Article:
A professor frequently identified as a global warming skeptic has tried to distance himself from that label and a scientist skeptical of that theory questions that shift. “The Antarctic has been cooling (Doran et al)—while climate models all predict a strong warming,” S. Fred Singer for the Science & Environmental Policy Project reports. “It is comical—and also a little sad—to watch the lead author try to explain away his own results in order to maintain a politically correct position on global warming.”
A climatologist, Dr. Singer is a professor emeritus at the University of Virginia. He was the first director of the National Weather Service.
“My research colleagues and I found that from 1996 to 2000, one small, ice-free area of the Antarctic mainland had actually cooled,” Peter Doran wrote in The New York Times. “Our report also analyzed temperatures for the mainland in such a way as to remove the influence of the peninsula warming and found that, from 1966 to 2000, more of the continent had cooled than had warmed.”
“Our summary statement pointed out how the cooling trend posed challenges to models of Antarctic climate and ecosystem change.” Doran is an associate professor of earth and environmental sciences at the University of Illinois at Chicago. He went on to distinguish himself from the work of climatologists who have reached similar conclusions and pointed to them as evidence that global warming is not a fait accompli.
“Our study did find that 58 percent of Antarctica cooled from 1966 to 2000,” Dr. Doran writes. “But during that period, the rest of the continent was warming. And climate models created since our paper was published have suggested a link between the lack of significant warming in Antarctica and the ozone hole over that continent.”
“These models, conspicuously missing from the warming-skeptic literature, suggest that as the ozone hole heals—thanks to worldwide bans on ozone-destroying chemicals—all of Antarctica is likely to warm with the rest of the planet. An inconvenient truth?” Perhaps, but how much real data goes into the construction of those models? Doran seems to acknowledge this shortage later.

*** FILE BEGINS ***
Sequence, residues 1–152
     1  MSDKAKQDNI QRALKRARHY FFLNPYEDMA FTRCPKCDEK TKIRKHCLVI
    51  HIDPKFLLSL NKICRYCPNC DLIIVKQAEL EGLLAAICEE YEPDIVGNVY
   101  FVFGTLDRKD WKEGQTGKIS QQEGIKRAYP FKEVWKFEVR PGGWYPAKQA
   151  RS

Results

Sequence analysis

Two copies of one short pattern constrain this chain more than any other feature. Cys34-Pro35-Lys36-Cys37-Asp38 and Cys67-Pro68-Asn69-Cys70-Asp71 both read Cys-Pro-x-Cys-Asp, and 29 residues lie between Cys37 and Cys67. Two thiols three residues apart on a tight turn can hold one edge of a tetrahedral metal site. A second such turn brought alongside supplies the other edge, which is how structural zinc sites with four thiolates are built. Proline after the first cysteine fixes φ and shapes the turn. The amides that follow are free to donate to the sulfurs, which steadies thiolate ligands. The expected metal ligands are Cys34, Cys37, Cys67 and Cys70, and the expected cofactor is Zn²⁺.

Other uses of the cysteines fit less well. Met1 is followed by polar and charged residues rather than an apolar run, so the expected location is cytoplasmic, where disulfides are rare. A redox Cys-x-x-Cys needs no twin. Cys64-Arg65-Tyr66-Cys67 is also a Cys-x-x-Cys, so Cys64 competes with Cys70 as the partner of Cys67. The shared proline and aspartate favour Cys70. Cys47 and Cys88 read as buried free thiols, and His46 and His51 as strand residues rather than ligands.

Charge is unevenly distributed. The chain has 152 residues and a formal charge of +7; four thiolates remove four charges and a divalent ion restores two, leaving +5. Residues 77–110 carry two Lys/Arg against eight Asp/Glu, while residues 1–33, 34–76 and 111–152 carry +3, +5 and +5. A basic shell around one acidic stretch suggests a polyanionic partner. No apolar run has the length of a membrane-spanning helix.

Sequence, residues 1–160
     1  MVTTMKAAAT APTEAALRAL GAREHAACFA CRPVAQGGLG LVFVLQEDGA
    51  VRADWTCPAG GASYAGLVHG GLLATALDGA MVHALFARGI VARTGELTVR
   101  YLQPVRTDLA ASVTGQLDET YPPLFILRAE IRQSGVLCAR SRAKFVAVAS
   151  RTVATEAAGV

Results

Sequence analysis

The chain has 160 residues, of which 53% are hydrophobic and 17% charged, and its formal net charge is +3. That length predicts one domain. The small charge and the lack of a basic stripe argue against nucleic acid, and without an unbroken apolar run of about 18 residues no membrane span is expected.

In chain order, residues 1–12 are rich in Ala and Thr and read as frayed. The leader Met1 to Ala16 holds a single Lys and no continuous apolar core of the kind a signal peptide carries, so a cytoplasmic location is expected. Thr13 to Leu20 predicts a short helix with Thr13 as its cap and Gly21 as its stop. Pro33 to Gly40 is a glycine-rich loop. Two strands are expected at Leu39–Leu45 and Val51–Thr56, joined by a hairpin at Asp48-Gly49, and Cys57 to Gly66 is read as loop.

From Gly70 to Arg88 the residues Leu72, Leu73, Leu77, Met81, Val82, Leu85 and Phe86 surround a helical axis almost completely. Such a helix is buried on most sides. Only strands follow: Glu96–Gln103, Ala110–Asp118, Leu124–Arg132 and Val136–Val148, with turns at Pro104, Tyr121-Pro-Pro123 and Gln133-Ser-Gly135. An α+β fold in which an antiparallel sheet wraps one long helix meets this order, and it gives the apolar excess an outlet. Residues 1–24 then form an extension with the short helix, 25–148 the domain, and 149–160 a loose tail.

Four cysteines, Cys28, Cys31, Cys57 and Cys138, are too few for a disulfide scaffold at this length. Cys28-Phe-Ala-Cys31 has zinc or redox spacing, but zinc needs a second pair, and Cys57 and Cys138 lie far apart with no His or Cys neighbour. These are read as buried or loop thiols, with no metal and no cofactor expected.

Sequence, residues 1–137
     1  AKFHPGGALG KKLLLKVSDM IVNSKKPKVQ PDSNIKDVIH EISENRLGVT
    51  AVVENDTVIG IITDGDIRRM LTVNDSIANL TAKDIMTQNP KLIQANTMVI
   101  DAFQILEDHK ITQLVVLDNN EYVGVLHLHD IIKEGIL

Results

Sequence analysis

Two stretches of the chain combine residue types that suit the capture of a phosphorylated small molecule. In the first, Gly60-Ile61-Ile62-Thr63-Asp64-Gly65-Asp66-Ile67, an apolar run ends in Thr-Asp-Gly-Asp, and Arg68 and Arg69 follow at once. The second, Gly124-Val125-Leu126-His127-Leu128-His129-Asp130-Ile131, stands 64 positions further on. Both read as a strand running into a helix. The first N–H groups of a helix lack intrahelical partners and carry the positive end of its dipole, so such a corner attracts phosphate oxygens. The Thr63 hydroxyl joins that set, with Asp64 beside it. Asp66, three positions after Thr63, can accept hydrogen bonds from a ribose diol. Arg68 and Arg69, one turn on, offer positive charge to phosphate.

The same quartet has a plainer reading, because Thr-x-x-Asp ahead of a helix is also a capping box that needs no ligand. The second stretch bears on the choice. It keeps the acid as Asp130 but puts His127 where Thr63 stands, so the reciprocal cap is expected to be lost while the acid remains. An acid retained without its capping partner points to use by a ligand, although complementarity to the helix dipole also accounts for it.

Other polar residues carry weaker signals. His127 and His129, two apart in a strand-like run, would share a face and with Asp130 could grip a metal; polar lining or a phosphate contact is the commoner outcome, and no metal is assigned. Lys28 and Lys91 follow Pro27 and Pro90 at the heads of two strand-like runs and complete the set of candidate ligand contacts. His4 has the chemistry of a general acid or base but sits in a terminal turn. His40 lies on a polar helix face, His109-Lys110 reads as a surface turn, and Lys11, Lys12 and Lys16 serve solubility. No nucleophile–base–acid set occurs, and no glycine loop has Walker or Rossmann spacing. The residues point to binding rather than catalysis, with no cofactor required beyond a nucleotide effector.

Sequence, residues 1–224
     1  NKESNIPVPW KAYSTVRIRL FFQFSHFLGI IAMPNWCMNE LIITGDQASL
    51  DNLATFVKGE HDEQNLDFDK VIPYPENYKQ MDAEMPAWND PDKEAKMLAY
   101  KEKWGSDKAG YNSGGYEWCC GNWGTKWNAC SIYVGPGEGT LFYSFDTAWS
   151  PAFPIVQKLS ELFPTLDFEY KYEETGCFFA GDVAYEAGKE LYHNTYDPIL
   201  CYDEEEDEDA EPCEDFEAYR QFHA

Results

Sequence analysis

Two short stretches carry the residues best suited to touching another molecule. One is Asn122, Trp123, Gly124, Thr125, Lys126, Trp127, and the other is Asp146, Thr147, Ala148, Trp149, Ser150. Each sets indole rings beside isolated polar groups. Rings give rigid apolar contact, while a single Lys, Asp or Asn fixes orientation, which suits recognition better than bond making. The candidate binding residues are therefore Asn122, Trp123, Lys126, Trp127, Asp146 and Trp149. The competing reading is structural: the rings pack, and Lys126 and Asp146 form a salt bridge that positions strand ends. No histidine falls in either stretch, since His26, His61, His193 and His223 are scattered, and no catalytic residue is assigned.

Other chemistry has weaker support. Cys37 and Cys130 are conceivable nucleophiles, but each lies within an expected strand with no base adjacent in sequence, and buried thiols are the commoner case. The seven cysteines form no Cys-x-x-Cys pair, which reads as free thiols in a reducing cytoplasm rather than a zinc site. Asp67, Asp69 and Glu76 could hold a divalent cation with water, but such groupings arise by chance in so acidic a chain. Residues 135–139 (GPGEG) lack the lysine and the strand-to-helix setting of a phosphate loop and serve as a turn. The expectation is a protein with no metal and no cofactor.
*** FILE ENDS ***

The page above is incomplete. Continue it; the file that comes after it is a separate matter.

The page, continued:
“The disappointing thing is that we are even debating the direction of climate change on this globally important continent,” Doran writes but admits, “And it may not end until we have more weather stations on Antarctica and longer-term data that demonstrate a clear trend.”
“In the meantime, I would like to remove my name from the list of scientists who dispute global warming,” he insists. “I know my coauthors would as well.” Maybe, but other scientists are joining the ranks of global warming cynics.
“And yet there was Los Alamos National Laboratory climate scientist Petr Chylek last week, standing before a gathering of his colleagues to explain that Greenland isn’t actually warming,” John Fleck reports in the ABQ Journal. “What gives?,” he asks.
“Chylek is a dissenter from the scientific mainstream,” Fleck explains. “While most scientists think greenhouse gases are responsible for changes already seen in Earth’s climate, Chylek believes the ‘data are inconclusive.’”
“You really cannot say for certain what is causing current climate change,” Chylek said in an interview.
“The Greenland story gained traction in February, when a team of U.S. scientists drew headlines around the world with new data suggesting Greenland’s glaciers are melting and slipping into the ocean far more rapidly than previously thought,” Fleck reminds us. “Chylek shot back last month with evidence from Greenland temperature records showing the North Atlantic island was cooler in the second half of the 20th century than it was in the first.”
Malcolm A. Kline is the executive director of Accuracy in Academia.